Using Art To Teach Science And Technology
There is no doubt that science fiction is cool. But can all the lasers and phasers, robots and aliens, and starships and time machines be more than just simple entertainment? Can science fiction, with all of its technological wonders and “what if” scenarios, also be educational?
Many moms and dads may not concur that the time their children are spending binge watching something like Lost in Space on Netflix is really helping them learn. Wouldn’t they be better off burying their noses in textbooks?
Absolutely, yes... sometimes., But often, no, because not only is science fiction inherently educational, it also makes learning fun.
That is one of the missions of the Museum of Science Fiction – to motivate learning in STEAM: science, technology, engineering, art, and math. But even more broadly than that, it is to inspire the imagination.
Science fiction is rich with ideas that can serve as a springboard for curiosity and project-based learning, from understanding how warp drive might function to how cyborgs could affect our daily lives.
The Museum believes science fiction holds value for all ages and endeavors to tailor its education and outreach efforts to appeal to a wide range of visitors in an inclusive environment.
“It starts with Escape Velocity,” said Mandy Sweeney, Vice President of Operations for the Museum, referring to the annual convention hosted by the Museum every May in Washington, DC. “We have more than 300 hours of education programming. Most of it is informal for kids, but we have workshops that span all the fields of STEAM.”
“We offer programs ourselves and also partner with a wide variety of groups and organizations from around the country to offer different experiences and informal education.”
Some examples include stop-motion animation and film workshops, writing workshops, and writing contests. The Museum has also partnered with innovative non-profits like Boolean Girl and Pongos Learning Lab to do coding workshops for kids.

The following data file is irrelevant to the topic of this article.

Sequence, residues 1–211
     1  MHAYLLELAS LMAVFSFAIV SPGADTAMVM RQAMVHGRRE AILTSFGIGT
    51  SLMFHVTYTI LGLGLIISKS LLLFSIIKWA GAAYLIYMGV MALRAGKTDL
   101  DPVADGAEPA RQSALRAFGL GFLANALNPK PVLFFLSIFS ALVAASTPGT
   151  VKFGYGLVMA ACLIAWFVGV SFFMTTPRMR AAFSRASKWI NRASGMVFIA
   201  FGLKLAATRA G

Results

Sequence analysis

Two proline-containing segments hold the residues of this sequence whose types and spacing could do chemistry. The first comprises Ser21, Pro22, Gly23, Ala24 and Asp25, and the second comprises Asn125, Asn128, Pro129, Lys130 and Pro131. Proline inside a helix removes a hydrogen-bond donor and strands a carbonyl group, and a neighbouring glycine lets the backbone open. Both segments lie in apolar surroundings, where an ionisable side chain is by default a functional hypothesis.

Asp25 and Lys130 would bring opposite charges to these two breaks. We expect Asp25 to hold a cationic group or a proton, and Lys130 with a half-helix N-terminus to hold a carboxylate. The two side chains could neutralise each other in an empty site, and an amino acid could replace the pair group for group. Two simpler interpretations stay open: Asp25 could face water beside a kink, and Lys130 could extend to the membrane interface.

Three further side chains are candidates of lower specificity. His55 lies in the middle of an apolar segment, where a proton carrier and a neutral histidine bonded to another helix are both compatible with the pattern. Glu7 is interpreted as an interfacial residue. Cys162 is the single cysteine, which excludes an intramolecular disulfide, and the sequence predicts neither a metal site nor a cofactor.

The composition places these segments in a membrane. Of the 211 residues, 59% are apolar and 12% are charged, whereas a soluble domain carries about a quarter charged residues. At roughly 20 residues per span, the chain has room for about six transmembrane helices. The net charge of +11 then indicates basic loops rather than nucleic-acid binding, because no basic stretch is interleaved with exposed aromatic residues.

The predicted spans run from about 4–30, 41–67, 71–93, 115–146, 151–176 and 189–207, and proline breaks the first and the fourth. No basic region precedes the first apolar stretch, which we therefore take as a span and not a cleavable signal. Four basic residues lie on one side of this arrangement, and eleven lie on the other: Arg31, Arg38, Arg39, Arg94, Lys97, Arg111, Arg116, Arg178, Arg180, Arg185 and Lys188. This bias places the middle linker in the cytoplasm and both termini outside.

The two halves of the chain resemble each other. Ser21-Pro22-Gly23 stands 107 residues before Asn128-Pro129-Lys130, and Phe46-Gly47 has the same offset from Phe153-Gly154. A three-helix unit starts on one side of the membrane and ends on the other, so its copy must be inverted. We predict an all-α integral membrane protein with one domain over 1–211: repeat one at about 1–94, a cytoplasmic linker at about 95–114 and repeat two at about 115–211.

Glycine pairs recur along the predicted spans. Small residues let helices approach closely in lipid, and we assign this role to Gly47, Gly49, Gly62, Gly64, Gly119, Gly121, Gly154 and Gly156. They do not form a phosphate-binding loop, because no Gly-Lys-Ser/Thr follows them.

“We also sneak in science education in some workshops,” Sweeney said. “We have a workshop with the DC Stunt Coalition where they teach stunt fighting where there’s a hidden biomechanics lesson – where your body is a pulley system and if you shift your weight from here-to-there you’ll get more power to the punch.”
In the Exhibit Hall , the Museum offers different education stations where kids can explore a range of technologies like virtual reality or 3D printing. There are an array of art and technology workshops, and it shouldn't come as a surprise to anyone that NASA has a major presence at the event.
At Escape Velocity 2019, the Museum will be working with The Great Adventure Lab to offer robotics and engineering workshops for the first time, and will offer new, tech-driven art and music workshops for kids as well.
The Museum has initiated a new partnership with Titan Robotics, the robotics team at TC Williams High School in Alexandria, VA, and is excited to support their endeavors in the FIRST Robotics Competition and beyond. Students from the Titan team will be showcasing their robots at Escape Velocity in May. Afterward, with the Museum’s support, the team will seek to adapt their creations for practical civic implementation in the City of Alexandria.
Connecting with area schools and educational groups is an important part of the Museum’s mission in coordinating Escape Velocity “We offer field trips to area schools and we are working on a merit badge program with the Boy Scouts and Girl Scouts,” said Sweeney.
There’s also an educator’s workshop every year that aims to show educators how they can incorporate science fiction into their lesson plans for use in a variety of grade levels and classroom settings. In 2019, the Escape Velocity Educator’s Workshop will be presented by NASA’s Afterschool Universe, with astronomy lesson plans focused on the formation of elements in space and how we can identify those elements using light.
The Museum also has partnerships with several universities and offers work study programs for students to gain valuable experience in their majors.
“Last year, our AV team was staffed by students from the Audio Technology department at American University,” Sweeney said. “We also had a group of architecture students from California Polytechnic Institute who designed science fiction inspired buildings that were on display in the Exhibit Hall.”
And while Escape Velocity is an amazing event, the Museum doesn’t just shutter its virtual doors until the next year's convention.
Instead, the Museum's dedicated team of staff members and volunteers search for other grassroots and educational outreach opportunities throughout the year.
“We are out in the community weekly for outreach events,” Sweeney said. “We will go to local schools that are having themed events. We’ll teach kids about batteries, or how to make light sabers, or we’ll bring a writer into a classroom as a guest speaker. Nothing that we do is a traditional science lesson. There is always an element of creativity and innovation to all of it. We want to encourage a mindset of growth and imagination.”
So, as cool as science fiction can be, it offers much more than fun ideas. It’s a way to think about the future. It challenges our understanding of the world through a synthesis of science and art that inspires us to learn about both along the way.